Govt ‘clueless’ on corruption
The government has no knowledge of what has happened to at least two thirds of cases reported to its National Anti-Corruption Hotline during the past six years, the Public Service Commission said on Thursday.
Over the six-year period 7529 cases were reported to the hotline, but there had been feedback on only 2717 cases, according to the 9th State of the Public Service Report released in Pretoria.
This meant that for every 100 cases reported, the PSC had received feedback from the department concerned on only 36. It did not know about the other 64.
“The mere provision of feedback to the PSC does not necessarily suggest that allegations have been investigated and that the cases have been closed, but at least it allows the PSC (and the whistleblowers) to have a sense of the progress being made,” the report reads.
According to the report in 2009/10 there had been 1430
corruption cases reported to the hotline. There had been feedback to the PSC on only 150 of these, little more than 10 percent.
The feedback varied across the country. The Western Cape had the highest figure, at 70 percent.
The anti-corruption hotline was established in 2004.
The report also revealed that cases of financial misconduct by public officials reported to the PSC soared from 434 reported in the 2001/02 financial year to 1204 in 2009/10.
Concerns over the performance assessment of senior government officials were also raised in the report. Almost half of all heads of government departments had not had their performance evaluated, despite being in charge of an estimated R250 billion of taxpayer's money annually.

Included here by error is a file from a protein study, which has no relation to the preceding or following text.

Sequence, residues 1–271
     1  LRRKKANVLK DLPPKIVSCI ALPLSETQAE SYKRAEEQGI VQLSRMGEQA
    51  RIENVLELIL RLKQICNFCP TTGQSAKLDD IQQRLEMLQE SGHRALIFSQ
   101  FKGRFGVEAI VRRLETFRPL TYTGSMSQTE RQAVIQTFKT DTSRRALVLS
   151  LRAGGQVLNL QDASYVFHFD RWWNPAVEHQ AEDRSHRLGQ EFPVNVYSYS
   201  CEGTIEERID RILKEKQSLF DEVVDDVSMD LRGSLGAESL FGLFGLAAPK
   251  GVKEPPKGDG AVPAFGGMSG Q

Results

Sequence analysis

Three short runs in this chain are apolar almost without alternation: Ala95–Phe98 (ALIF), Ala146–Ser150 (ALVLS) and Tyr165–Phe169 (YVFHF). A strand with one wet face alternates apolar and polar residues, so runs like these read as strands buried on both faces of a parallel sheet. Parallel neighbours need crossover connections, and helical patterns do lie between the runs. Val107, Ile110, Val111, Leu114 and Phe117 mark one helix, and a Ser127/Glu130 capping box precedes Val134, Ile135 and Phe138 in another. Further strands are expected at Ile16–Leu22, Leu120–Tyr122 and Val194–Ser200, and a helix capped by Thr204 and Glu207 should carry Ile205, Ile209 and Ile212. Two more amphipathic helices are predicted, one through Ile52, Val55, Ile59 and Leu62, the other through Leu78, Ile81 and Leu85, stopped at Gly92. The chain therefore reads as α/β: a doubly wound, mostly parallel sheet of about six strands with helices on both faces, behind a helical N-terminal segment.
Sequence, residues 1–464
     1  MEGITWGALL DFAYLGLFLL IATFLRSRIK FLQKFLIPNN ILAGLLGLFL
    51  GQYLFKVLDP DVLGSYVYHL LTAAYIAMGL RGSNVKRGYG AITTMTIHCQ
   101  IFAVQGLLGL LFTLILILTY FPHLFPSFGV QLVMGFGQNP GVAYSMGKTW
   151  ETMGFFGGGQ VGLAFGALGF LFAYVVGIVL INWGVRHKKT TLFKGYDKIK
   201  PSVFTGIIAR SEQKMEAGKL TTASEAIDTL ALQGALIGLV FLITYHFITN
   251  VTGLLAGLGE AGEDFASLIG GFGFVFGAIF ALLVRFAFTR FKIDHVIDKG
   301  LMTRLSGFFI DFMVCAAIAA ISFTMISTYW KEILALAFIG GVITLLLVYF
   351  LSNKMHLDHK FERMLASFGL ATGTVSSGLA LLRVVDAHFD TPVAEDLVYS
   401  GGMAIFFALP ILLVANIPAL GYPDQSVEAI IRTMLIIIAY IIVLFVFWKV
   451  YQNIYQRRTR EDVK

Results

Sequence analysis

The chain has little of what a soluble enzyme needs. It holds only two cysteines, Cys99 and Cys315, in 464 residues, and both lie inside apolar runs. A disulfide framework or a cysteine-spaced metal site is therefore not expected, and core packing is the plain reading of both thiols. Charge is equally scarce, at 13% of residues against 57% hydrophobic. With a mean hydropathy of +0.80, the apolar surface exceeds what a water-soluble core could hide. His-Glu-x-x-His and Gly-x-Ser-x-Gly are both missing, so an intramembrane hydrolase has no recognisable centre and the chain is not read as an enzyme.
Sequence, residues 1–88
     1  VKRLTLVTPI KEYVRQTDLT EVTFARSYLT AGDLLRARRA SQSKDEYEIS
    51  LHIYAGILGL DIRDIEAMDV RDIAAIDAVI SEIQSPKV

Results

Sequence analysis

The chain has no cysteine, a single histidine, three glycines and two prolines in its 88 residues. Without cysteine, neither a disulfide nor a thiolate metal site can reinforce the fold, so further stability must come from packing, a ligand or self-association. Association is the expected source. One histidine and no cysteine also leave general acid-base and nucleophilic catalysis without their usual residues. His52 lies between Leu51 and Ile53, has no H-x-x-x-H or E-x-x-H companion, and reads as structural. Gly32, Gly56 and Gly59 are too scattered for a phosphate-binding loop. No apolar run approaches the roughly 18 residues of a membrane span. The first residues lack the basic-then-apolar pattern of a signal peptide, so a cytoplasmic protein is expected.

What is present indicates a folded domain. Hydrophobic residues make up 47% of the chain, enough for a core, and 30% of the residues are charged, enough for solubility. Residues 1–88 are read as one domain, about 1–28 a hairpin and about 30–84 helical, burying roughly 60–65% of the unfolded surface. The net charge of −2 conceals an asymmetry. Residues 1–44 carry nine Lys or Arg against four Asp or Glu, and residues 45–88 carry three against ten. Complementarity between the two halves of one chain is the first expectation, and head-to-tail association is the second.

PSC chairman Dr Ralph Mgijima was “appalled” by the low rate of compliance when it came to evaluating HODs.
“Time and time again we report on this and we are not getting any improvement,” he told reporters.
“We are greatly appalled as you are. It needs to be improved.”
Only 51 percent of HODs had had their performances evaluated by the end of March 2010, down from 56 percent the previous year.
By law all HODs had to be evaluated annually. The Western Cape and North West were the only provinces that had achieved close to 100 percent compliance.
Mgijima said there needed to be greater transparency in providing the public with timely information.
Asked how the government's proposed Protection of Information Bill would impact this transparency, he said the bill would “pose challenges” to the government's outcomes approach.
“Information becomes critical in monitoring,” he said.
He said that many of the policies that had been implemented were correct, but the actual implementation and compliance with regulations was problematic. - Sapa